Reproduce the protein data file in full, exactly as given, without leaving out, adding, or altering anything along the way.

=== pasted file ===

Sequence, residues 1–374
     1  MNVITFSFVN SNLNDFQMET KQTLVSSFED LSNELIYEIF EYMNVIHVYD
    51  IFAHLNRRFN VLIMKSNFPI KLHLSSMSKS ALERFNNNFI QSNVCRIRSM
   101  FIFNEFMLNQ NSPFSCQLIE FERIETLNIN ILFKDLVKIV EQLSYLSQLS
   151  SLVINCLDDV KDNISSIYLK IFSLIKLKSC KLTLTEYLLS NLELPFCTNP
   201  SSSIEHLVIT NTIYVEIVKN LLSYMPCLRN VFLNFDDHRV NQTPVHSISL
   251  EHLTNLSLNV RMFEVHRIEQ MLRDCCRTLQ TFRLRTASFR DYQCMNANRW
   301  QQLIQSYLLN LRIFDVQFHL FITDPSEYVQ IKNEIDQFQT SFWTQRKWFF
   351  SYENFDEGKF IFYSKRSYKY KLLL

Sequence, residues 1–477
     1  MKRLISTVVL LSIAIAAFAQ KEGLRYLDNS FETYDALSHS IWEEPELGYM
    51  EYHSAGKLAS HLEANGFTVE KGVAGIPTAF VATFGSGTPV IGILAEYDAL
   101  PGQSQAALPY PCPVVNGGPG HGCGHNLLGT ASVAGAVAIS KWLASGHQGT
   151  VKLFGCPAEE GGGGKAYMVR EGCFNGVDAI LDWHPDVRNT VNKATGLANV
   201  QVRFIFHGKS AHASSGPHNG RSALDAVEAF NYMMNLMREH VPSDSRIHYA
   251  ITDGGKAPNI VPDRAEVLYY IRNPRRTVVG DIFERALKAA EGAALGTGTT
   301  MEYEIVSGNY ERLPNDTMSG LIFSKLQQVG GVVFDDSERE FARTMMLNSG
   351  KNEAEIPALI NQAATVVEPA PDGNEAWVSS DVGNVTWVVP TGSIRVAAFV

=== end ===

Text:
Sequence, residues 1–374
     1  MNVITFSFVN SNLNDFQMET KQTLVSSFED LSNELIYEIF EYMNVIHVYD
    51  IFAHLNRRFN VLIMKSNFPI KLHLSSMSKS ALERFNNNFI QSNVCRIRSM
   101  FIFNEFMLNQ NSPFSCQLIE FERIETLNIN ILFKDLVKIV EQLSYLSQLS
   151  SLVINCLDDV KDNISSIYLK IFSLIKLKSC KLTLTEYLLS NLELPFCTNP
   201  SSSIEHLVIT NTIYVEIVKN LLSYMPCLRN VFLNFDDHRV NQTPVHSISL
   251  EHLTNLSLNV RMFEVHRIEQ MLRDCCRTLQ TFRLRTASFR DYQCMNANRW
   301  QQLIQSYLLN LRIFDVQFHL FITDPSEYVQ IKNEIDQFQT SFWTQRKWFF
   351  SYENFDEGKF IFYSKRSYKY KLLL

Sequence, residues 1–477
     1  MKRLISTVVL LSIAIAAFAQ KEGLRYLDNS FETYDALSHS IWEEPELGYM
    51  EYHSAGKLAS HLEANGFTVE KGVAGIPTAF VATFGSGTPV IGILAEYDAL
   101  PGQSQAALPY PCPVVNGGPG HGCGHNLLGT ASVAGAVAIS KWLASGHQGT
   151  VKLFGCPAEE GGGGKAYMVR EGCFNGVDAI LDWHPDVRNT VNKATGLANV
   201  QVRFIFHGKS AHASSGPHNG RSALDAVEAF NYMMNLMREH VPSDSRIHYA
   251  ITDGGKAPNI VPDRAEVLYY IRNPRRTVVG DIFERALKAA EGAALGTGTT
   301  MEYEIVSGNY ERLPNDTMSG LIFSKLQQVG GVVFDDSERE FARTMMLNSG
   351  KNEAEIPALI NQAATVVEPA PDGNEAWVSS DVGNVTWVVP TGSIRVAAFV